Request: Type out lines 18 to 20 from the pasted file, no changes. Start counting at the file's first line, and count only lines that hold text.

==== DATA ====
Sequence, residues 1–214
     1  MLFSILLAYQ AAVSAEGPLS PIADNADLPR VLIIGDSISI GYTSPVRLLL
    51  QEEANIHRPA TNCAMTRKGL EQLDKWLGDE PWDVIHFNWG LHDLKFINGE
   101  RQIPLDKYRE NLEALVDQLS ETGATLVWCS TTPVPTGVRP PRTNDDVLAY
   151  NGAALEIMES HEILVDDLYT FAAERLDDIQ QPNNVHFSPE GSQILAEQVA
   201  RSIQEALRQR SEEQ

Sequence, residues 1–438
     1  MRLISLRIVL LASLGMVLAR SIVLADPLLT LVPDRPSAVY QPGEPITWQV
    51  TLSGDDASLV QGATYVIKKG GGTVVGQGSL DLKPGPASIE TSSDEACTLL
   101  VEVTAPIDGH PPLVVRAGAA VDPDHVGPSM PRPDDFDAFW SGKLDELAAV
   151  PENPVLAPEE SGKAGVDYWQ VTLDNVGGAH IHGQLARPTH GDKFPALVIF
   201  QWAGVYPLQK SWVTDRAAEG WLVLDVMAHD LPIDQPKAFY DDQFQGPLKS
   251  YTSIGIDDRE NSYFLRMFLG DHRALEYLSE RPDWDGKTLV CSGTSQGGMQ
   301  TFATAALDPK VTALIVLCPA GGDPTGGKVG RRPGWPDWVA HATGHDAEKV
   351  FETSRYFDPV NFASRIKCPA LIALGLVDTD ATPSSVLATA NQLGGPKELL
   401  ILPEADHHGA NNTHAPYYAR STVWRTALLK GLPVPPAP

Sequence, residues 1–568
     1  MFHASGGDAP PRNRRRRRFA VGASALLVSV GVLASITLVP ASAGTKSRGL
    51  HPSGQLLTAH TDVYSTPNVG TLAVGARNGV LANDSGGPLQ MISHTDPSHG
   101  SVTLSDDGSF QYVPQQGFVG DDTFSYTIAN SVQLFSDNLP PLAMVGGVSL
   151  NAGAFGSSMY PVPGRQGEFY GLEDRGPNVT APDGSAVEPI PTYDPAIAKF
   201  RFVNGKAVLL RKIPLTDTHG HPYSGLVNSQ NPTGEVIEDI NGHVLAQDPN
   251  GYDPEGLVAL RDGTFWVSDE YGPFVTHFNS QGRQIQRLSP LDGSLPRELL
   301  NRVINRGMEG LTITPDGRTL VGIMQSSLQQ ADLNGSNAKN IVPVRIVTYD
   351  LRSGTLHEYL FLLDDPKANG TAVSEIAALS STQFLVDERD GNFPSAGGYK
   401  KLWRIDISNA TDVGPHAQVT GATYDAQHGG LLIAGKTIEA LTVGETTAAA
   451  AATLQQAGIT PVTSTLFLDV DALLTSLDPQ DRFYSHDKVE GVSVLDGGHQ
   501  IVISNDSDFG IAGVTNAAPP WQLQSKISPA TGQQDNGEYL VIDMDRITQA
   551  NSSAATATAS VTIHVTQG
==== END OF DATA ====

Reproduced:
     1  MFHASGGDAP PRNRRRRRFA VGASALLVSV GVLASITLVP ASAGTKSRGL
    51  HPSGQLLTAH TDVYSTPNVG TLAVGARNGV LANDSGGPLQ MISHTDPSHG
   101  SVTLSDDGSF QYVPQQGFVG DDTFSYTIAN SVQLFSDNLP PLAMVGGVSL